The Khabib fight made Al Iaquinta a bit of a spectacle and a hero simply for taking the fight. This overshadowed the body of work that he put in to get to that point. Before his loss in the title fight, Iaquinta was on a five-fight winning streak, taking out the likes of Rodrigo Damm, Ross Pearson, Joe Lauzon, Jorge Masvidal, and Diego Sanchez. Four of those five bouts ended in a KO/TKO win for the New Yorker. After those bouts, his ability to stay on his feet far more often than most against Nurmagomedov gives fans some hope that he will be able to stay on his feet against Kevin Lee.
If Al Iaquinta can keep this fight on the feet for the better part of the five rounds, he has a legitimate shot to win as a sizable underdog. In his first fight with Kevin Lee, he timed a left hand as Lee came in and dropped him, nearly finishing the fight early. With the improvements to Lee’s striking, Iaquinta’s striking defense will have to be more on point. Khabib repeatedly chewed him up with the jab. If he can close that cap and find Lee with those winging overhands he throws, he could get the win and break into the top five. If Iaquinta manages to drop Lee, the last thing he should do is chase him to the mat. As we saw against Barboza, Kevin Lee is a dangerous grappler regardless of how hurt he is. If “Ragin’” Al finds this kind of success with his boxing, he needs to keep calling Lee back to his feet until the ref stops it.
Al Iaquinta’s performance against Khabib Nurmagomedov was used by many as proof that Khabib is human and can be defeated. While Iaquinta certainly gave an inspiring performance, the reality is that he lost every round, including some 10-8. As we saw from both performances against Edson Barboza, Kevin Lee and Khabib have similar fighting styles. Kevin Lee has improved astronomically since the first time they fought and his dominance on the ground is a huge leg up.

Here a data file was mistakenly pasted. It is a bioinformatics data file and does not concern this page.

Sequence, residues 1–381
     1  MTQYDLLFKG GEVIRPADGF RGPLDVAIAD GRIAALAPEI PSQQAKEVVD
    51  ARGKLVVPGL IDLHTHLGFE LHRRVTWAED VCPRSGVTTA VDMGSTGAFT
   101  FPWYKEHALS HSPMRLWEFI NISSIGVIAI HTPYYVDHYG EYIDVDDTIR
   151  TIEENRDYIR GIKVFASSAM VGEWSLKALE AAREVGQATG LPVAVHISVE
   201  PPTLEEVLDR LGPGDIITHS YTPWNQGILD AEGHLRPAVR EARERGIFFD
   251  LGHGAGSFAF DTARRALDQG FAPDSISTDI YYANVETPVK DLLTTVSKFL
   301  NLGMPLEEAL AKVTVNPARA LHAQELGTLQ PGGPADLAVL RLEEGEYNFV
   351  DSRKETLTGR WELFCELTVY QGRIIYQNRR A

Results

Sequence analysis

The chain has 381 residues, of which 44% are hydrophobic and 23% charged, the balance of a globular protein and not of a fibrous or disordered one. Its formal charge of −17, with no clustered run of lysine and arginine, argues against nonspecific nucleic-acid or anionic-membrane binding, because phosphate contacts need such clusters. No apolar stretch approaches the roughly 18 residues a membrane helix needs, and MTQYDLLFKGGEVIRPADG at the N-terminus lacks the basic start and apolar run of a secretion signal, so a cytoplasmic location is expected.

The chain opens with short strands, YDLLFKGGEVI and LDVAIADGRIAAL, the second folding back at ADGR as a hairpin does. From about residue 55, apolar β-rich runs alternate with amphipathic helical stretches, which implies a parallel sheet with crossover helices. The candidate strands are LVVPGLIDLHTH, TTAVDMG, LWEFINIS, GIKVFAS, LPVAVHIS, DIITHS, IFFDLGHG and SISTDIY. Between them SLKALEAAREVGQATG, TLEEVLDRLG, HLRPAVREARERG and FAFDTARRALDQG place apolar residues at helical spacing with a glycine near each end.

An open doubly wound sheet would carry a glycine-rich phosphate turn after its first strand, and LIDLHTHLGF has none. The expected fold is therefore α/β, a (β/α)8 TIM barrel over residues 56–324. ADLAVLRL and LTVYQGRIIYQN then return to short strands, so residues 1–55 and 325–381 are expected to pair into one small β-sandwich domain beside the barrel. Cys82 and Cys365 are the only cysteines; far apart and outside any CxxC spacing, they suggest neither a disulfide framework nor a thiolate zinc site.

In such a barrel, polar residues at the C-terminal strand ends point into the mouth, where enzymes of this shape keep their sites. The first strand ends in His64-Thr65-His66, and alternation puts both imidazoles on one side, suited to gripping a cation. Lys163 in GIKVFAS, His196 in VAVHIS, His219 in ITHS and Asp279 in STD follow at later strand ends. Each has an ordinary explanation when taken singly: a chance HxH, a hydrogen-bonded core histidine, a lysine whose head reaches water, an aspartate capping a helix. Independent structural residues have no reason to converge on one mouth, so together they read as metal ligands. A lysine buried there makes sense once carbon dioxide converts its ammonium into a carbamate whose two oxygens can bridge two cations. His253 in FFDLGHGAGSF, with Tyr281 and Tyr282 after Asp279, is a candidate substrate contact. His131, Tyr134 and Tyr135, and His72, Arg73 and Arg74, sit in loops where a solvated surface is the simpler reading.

The issue of Iaquinta’s back is the deciding factor for me in this one. He is excellent at defending submissions but it is an issue that he ends up in so many submissions that require defending. We have already seen Lee with a very deep choke on Lee and this could happen again if he has not adjusted how he returns to his feet. Khabib was also inches away from latching onto his back on multiple occasions due to the tendency to turn his back while standing. That is the worst thing someone can do against an RNC specialist like Lee. Iaquinta’s toughness does not allow him to tap but sometimes, a submission does not require a tap. Lee should get the win here. If you do not want to put money on such a large favorite, take a shot on Lee by submission.
Pick: Kevin Lee -290